Microstructured optical fiber

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Microstructured optical fibers (MOF) are optical fiber waveguides where guiding is obtained through manipulation of waveguide structure rather than its index of refraction.

In conventional optical fibers, light is guided through the effect of total internal reflection. The guiding occurs within a core of refractive index higher than refractive index of the surrounding material (cladding). The index change is obtained through different doping of the core and the cladding or through the use of different materials. In microstructured fibers, a completely different approach is applied. Fiber is built of one material (usually silica) and light guiding is obtained through the presence of air holes in the area surrounding the solid core. The holes are often arranged in the regular pattern in two dimensional arrays, however other patterns of holes exist, including non-periodic ones. While periodic arrangement of the holes would justify the use of term "photonic crystal fiber", the term is reserved for those fibers where propagation occurs within a photonic defect or due to photonic bandgap effect. As such, photonic crystal fibers may be considered a subgroup of microstructured optical fibers.

There are two main classes of MOF

  1. Index guided fibers, where guiding is obtained through effect of total internal reflection
  2. Photonic bandgap fibers, where guiding is obtained through constructive interference of scattered light (including photonic bandgap effect.)

Structured optical fibers, those based on channels running along their entire length go back to Kaiser and Co in 1974. These include air-clad optical fibers, microstructured optical fibers sometimes called photonic crystal fiber when the arrays of holes are periodic and look like a crystal, and many other subclasses. Martelli and Canning realized that the crystal structures that have identical interstitial regions are actually not the most ideal structure for practical applications and pointed out aperiodic structured fibers, such as Fractal fibers, are a better option for low bend losses.[1] Aperiodic fibers are a subclass of Fresnel fibers which describe optical propagation in analogous terms to diffraction free beams.[2] These too can be made by using air channels appropriately positioned on the virtual zones of the optical fiber.[3]

Photonic crystal fibers are a variant of the microstructured fibers reported by Kaiser et al. They are an attempt to incorporate the bandgap ideas of Yeh et al. in a simple way by stacking periodically a regular array of channels and drawing into fiber form. The first such fibers did not propagate by such a bandgap but rather by an effective step index – however, the name has, for historical reasons, remained unchanged although some researchers prefer to call these fibers "holey" fibers or "microstructured" optical fibers in reference to the pre-existing work from Bell Labs. The shift into the nanoscale[4] was pre-empted by the more recent label "structured" fibers. An extremely important variant was the air-clad fiber invented by DiGiovanni at Bell Labs in 1986/87 based on work by Marcatili et al. in 1984.[5] This is perhaps the single most successful fiber design to date based on structuring the fiber design using air holes and has important applications regarding high numerical aperture and light collection especially when implemented in laser form, but with great promise in areas as diverse as biophotonics and astrophotonics.[6]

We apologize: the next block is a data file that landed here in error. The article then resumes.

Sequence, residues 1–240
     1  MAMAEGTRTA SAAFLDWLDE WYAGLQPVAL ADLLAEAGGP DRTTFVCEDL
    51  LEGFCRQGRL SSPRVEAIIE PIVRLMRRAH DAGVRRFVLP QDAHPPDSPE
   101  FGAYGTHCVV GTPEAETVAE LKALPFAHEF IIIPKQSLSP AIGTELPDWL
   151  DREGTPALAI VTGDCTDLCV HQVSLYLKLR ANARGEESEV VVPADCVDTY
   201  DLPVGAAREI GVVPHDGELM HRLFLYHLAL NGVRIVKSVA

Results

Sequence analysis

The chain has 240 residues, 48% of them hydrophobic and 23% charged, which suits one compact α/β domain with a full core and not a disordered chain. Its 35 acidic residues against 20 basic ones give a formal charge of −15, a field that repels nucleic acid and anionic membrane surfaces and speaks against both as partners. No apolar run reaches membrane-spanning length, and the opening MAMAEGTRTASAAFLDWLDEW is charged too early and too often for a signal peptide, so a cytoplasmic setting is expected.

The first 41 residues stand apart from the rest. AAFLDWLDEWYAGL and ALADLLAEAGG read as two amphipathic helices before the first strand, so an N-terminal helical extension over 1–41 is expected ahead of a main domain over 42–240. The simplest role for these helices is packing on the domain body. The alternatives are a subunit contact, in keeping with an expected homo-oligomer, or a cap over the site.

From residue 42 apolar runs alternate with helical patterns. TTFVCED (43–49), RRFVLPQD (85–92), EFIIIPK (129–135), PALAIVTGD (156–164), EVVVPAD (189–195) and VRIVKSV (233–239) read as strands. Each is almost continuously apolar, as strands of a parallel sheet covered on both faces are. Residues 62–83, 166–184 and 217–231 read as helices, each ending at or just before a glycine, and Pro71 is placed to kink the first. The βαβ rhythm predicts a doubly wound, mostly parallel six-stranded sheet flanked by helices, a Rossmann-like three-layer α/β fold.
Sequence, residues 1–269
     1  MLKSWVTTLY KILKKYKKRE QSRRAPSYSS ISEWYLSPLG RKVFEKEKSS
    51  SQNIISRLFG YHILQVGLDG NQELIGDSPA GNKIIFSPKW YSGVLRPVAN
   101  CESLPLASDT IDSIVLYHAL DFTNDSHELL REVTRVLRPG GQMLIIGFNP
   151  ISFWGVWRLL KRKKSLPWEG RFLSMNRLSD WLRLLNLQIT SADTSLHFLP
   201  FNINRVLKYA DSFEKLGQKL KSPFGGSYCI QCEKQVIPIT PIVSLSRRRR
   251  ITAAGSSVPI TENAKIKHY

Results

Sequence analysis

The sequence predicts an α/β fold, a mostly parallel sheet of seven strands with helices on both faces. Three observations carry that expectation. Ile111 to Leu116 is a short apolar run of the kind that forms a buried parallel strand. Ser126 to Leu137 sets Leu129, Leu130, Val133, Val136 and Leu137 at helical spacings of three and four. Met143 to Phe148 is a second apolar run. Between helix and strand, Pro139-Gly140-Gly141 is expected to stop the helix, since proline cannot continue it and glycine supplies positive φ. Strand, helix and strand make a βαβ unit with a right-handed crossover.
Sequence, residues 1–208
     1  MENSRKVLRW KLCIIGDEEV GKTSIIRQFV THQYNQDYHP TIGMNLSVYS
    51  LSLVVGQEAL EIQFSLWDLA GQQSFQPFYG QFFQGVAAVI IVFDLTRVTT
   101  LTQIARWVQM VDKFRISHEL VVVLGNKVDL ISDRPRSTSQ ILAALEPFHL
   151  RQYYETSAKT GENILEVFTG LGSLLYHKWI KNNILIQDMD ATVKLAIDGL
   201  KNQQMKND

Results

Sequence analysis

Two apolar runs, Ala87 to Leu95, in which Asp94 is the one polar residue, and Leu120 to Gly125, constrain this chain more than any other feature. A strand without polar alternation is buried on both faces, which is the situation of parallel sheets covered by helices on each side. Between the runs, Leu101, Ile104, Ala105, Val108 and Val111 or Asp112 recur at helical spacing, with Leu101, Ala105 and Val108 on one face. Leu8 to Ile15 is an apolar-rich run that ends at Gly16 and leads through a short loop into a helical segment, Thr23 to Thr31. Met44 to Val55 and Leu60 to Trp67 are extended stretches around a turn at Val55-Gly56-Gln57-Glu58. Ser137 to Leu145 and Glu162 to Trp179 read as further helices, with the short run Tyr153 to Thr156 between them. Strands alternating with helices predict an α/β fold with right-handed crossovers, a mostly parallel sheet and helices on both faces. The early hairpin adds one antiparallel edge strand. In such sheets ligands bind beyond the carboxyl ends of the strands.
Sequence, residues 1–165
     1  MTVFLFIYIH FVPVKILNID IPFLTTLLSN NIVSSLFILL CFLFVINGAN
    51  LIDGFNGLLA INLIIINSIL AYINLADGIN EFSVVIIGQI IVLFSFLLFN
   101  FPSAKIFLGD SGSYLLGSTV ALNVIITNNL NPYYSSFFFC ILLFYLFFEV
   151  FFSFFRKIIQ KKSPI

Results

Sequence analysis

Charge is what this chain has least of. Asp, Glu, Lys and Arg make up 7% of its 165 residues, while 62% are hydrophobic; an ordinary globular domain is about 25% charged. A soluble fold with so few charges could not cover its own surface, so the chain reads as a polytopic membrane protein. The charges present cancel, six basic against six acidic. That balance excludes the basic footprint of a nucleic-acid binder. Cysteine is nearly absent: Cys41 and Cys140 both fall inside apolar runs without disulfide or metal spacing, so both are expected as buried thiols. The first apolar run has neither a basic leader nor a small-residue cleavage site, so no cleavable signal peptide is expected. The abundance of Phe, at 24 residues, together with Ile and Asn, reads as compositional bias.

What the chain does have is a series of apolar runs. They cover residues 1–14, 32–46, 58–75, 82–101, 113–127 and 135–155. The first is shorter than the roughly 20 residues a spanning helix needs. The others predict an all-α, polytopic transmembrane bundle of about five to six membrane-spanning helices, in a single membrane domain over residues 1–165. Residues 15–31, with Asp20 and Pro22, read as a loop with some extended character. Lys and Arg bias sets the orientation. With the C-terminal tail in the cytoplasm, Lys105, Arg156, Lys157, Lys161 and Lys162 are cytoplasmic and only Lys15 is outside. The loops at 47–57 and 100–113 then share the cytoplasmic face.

More interestingly, has been the recognition that the periodic structure is actually not the best solution for many applications. Fibers that go well beyond shaping the near field now can be deliberately designed to shape the far-field for the first time, including focusing light beyond the end of the fiber.[7] These Fresnel fibers use well known Fresnel optics which has long been applied to lens design, including more advanced forms used in aperiodic, fractal, and irregular adaptive optics, or Fresnel/fractal zones. Many other practical design benefits include broader photonic bandgaps in diffraction based propagating waveguides and reduced bend losses, important for achieving structured optical fibers with propagation losses below that of step-index fibers.


  1. ^ Martelli, C; Canning, J; Gibson, B; Huntington, S (2007). "Bend loss in structured optical fibres". Optics Express. 15 (26): 17639–44. Bibcode:2007OExpr..1517639M. doi:10.1364/OE.15.017639. PMID 19551059. 
  2. ^ Canning, J (2002). "Diffraction-free mode generation and propagation in optical waveguides" (PDF). Optics Communications. 207: 35–39. Bibcode:2002OptCo.207...35C. doi:10.1016/S0030-4018(02)01418-9. [permanent dead link]
  3. ^ Canning, J; Buckley, E; Lyytikainen, K (2003). "Propagation in air by field superposition of scattered light within a Fresnel fiber". Optics Letters. 28 (4): 230–2. Bibcode:2003OptL...28..230C. doi:10.1364/OL.28.000230. PMID 12661527. 
  4. ^ Huntington, S; Katsifolis, J; Gibson, B; Canning, J; Lyytikainen, K; Zagari, J; Cahill, L; Love, J (2003). "Retaining and characterising nano-structure within tapered air-silica structured optical fibers". Optics Express. 11 (2): 98–104. Bibcode:2003OExpr..11...98H. doi:10.1364/OE.11.000098. PMID 19461711. 
  5. ^ .J. DiGiovanni, R.S. Windeler, "Article comprising an air-clad optical fiber", U.S. Patent 5,907,652; G02B 006/20 (1998 filed 1997); based on previous patent: E.A.J. Marcatili, "Air clad optical fiber waveguide," U.S. Patent 3,712,705 (1973)
  6. ^ Åslund, Mattias L.; Canning, John (2009). "Air-clad fibres for astronomical instrumentation: focal-ratio degradation". Experimental Astronomy. 24: 1–7. Bibcode:2009ExA....24....1A. doi:10.1007/s10686-008-9132-7. 
  7. ^ J. Canning, Fresnel Optics Inside Optical Fibres, in Photonics Research Developments, Chapter 5, Nova Science Publishers, United States, (2008) and refs therein